|scientific name Oeneis chryxus caryi |
common name Cary's Arctic
Occurs in northeastern Alberta, in dry grassy areas, open pine woods, and woodland edges.
Adults peaking in June.
This mid-sized butterfly has a wingspan of 39 to 54 mm. Dorsal wing surface of this species has been described as bright orange, golden brown or tan and it lacks the dark wing borders found in other arctics. Forewing has two to four black eye spots. There are zero to two eyespots on the hindwing. Oeneis chryxus butterflies are brighter than other arctics in Alberta and have fewer eye-spots on the hindwing than Oeneis uhleri. The ventral hindwing has a more distinct white-edged medial band than O. c. chryxus.
Eggs are not described.
The tan larvae have reddish hairs. Along their back is a tan dorsal strip, as well as brownish and tan lateral stripes separated by white. They have a yellow-brown head that has six brown vertical stripes on top.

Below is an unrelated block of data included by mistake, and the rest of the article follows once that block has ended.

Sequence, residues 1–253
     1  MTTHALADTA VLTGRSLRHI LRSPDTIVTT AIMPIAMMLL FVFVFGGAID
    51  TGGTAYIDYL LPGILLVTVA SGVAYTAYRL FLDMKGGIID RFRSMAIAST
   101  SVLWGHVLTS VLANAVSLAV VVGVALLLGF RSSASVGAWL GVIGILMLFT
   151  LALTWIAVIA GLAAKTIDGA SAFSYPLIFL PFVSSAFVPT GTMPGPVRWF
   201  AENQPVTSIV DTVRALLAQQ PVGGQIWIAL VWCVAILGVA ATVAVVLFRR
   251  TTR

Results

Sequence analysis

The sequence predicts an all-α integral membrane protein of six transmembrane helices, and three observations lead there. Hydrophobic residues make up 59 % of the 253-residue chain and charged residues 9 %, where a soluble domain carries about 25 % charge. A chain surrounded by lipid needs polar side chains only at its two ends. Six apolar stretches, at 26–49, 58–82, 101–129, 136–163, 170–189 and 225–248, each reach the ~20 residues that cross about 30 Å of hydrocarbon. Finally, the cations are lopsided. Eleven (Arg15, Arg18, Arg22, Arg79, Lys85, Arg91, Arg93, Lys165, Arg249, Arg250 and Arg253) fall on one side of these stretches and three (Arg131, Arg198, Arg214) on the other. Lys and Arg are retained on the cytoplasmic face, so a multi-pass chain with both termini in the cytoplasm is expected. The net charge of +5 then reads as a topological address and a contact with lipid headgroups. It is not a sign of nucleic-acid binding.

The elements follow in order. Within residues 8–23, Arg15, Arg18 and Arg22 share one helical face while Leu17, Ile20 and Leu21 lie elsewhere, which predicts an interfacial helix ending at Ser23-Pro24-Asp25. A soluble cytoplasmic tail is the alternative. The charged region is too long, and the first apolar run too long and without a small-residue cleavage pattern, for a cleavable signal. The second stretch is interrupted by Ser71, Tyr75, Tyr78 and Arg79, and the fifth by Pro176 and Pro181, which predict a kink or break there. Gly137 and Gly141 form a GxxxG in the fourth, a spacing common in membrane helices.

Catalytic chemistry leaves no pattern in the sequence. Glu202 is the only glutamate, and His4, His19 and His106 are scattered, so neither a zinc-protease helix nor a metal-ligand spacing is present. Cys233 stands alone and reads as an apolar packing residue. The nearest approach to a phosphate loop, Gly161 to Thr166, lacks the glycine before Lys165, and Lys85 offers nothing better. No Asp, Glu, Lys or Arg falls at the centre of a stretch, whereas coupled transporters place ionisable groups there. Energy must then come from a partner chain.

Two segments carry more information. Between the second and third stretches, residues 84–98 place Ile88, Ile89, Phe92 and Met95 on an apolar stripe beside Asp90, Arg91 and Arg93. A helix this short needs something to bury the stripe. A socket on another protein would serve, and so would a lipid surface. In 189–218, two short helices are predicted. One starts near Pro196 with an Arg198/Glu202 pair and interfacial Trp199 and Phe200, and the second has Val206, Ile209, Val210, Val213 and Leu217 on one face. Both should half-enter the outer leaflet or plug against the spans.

Pupae are brown with darker patches and stripes, the top of the thorax and abdomen is light yellow brown with black spots and streaks (Guppy & Shepard, 2001).
O. c. caryi butterflies are univoltine and overwinter as larvae (Guppy & Shepard, 2001). Females lay eggs on tree bark and twigs on or near the ground. Males perch to search for females that make short flights in the grassy area (Guppy & Shepard, 2001).
Rare; provincial rank S1/S2 and status is "Undetermined" because of small number of records.
Unknown for this species and subspecies in Alberta. In Colorado, O. chryxus larvae feed on sedges (Carex sp.) (Bird et al., 1995); in Washington, it is speculated that they feed on Fescue (Festuca idahoensis) (Bird et al., 1995); and, in captivity in Ontario they have fed on grasses and sedges, including Poverty Grass (Danthonia spicata) (Layberry et al., 1998).
This subspecies occurs in the boreal forest of Alberta, British Columbia, the Yukon, and the Northwest Territories (Bird et al., 1995; Layberry et al., 1998).
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